Unity3D/C# - Asynchronous Programming - Coroutines vs await/async

First, let me talk a little about Asynchronous Programming. Async programming is basically to run program logic independently of the main thread. This means that if your logic running asynchronously get stuck into a loop or processing something it won't freeze the main thread.

Async programming is mainly used with multithreading. In many languages, you have native high-level ways to represent a separate thread from the main thread and send some work for it to do.

What does it have to do with Coroutines in Unity?

Well, Coroutines are a workaround that Unity made in order to allow people to easily write async code. But keep in mind, Coroutines are not multithreaded.

Now let's look a little into the Coroutine API.

public IEnumerator SomeCoroutine() { //... do something yield return null; yield break; } Well, coroutines are basically methods that return an IEnumerator. So, in order to explain better how Unity's Coroutines work we need to take a loot into IEnumerator.

Tools and Property Drawers

Hi :)

I think there 2 kinds of tools that help development. Tools that speed up processes and tools that help visualize data. For the first type, most of the time they specific to a given project and they are usually reused or adapted for similar projects. The second type is more generic, they are specific for some data but different projects deal with a common data format.

In Unity3D we have Custom Editors and Property Drawers. Custom Editors are more commonly used for the first type of tools. They include new windows, custom inspectors are custom Scene GUIs. Property drawers are more of the second type, they are just some fancy way to show certain data.

Well, I think visualization is power and that everyone should know how to use Property Drawers since they are easy, fast and helps you and others understand whats is going on in the game.

Let's start with a simple Interval struct. Most games make use of some kind of interval for many variables, usually referred as resources (e.g.…

PCG and Data Analysis - Two sides of the same coin? Also, GANs?


PCG stands for Procedural Content Generation. PCG is an area of AI that has appeared because of games (different than other areas of AI that appeared because of scientific research and ended up being used in games).

Data Analysis

Data Analysis comes from statistics. It has been widely studied and from a long time, people have started to apply computer algorithms to data analysis. In AI, many widely popular topics related to data analysis (neural networks, data mining, big data, etc..). What all the algorithms used have in common is that they effectively look at data, analyse it and try to infer or predict some information or behaviour from the data.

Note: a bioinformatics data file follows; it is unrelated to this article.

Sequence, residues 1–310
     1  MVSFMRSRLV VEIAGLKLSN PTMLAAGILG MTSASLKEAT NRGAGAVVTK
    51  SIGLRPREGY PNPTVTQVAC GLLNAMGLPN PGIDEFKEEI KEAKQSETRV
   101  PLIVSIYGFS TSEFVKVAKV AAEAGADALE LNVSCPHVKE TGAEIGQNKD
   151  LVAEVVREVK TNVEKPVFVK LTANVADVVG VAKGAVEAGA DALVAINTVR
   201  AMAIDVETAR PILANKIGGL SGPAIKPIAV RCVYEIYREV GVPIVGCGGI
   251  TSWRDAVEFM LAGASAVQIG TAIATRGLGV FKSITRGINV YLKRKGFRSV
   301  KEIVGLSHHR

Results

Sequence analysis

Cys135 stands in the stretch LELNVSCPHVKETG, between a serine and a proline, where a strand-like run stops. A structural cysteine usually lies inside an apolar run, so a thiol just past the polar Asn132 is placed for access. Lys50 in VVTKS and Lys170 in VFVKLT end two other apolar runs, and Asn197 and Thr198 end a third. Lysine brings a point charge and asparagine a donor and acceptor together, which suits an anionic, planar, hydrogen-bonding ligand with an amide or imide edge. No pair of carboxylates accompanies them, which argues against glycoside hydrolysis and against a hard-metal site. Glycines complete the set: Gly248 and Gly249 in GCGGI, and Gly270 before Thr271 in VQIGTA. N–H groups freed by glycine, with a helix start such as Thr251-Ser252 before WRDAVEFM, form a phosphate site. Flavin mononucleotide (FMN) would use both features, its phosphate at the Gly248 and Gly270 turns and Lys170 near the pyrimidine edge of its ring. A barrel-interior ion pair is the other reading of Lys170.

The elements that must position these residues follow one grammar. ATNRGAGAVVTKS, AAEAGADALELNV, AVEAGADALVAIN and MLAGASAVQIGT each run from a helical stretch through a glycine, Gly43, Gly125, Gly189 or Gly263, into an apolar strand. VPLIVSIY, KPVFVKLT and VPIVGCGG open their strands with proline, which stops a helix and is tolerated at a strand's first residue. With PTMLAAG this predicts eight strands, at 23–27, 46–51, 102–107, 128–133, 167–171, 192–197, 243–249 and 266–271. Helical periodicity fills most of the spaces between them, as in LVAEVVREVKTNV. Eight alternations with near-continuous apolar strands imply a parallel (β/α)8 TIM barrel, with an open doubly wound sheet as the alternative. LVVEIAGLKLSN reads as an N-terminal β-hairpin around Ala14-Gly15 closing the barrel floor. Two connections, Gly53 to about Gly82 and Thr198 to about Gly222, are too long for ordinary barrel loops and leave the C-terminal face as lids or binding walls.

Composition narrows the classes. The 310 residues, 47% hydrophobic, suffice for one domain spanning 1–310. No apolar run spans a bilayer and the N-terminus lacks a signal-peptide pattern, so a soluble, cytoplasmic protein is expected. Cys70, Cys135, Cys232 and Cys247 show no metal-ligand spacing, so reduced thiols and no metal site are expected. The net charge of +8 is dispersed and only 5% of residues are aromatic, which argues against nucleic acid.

How do these 2 concepts relate? Well, first they are both related to AI.

Now let's analyse the etymology of PCG a little.

"Procedural" is an adjective with origin on the word procedure. In computer science, a procedure is normally associated with a function. It is a series of commands that will be executed in orde…

C# - Simple Graph Interfaces and a MeshGraph

In a previous post about grids, I declared some interfaces to deal with graphs in an effort to explain how the grid segment could be treated as a graph.
Now I'm going to step further and define some generic graph interfaces as well as a MeshGraph that implements it based on the Mesh data structure from Unity3D.

To start, a vertex in a graph can be anything. So it will be an open type parameter for all interfaces.

An edge is a connection between 2 vertices, and as such, it can be defined as:

/// <summary> /// An edge is simply a conection between 2 vertexes /// </summary> /// <typeparam name="TVertex">Vertex Type</typeparam> public interface IGraphEdge<TVertex> : IEquatable<IGraphEdge<TVertex>> { TVertex VertexA { get; } TVertex VertexB { get; } }
Now, let's move to the graph. Starting with a read-only graph.

/// <summary> /// A read-only graph is a collection of vertices with methods to get the edges /// </sum…

Programming logic and logic programming

I see many people speaking about programming logic when they refer to programming. Well, there is no formal logic definition for programming logic. What people usually refer when using this term is structured programming, object-oriented programming or procedural programming.

Now let's talk about logic programming, which is something entirely different from programming logic or any of the popular definitions for it. Logicprogramming was one of the first ways to program and is based on formal logic.

Formal logic also has some popular confusion about it, when speaking about formal logic some people confuse it for Boolean Algebra. Well, let me try to make it clear: Formal logic is something most people "kinda" know but never really thought about it and logic programming is based on that. Everyone must have read sometime these kinds of phrases:

Concrete is grey.
Walls are made of concrete.

walls are grey.

Well, here is the news: this is something that can be expressed u…